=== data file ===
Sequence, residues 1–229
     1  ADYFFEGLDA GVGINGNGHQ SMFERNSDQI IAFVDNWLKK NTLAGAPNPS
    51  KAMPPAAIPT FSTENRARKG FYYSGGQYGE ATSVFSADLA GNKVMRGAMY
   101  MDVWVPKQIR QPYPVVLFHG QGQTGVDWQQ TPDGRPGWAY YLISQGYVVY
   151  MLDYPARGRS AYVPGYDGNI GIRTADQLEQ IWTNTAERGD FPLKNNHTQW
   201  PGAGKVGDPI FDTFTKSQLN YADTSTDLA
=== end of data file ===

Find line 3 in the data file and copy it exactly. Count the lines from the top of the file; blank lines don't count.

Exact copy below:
    51  KAMPPAAIPT FSTENRARKG FYYSGGQYGE ATSVFSADLA GNKVMRGAMY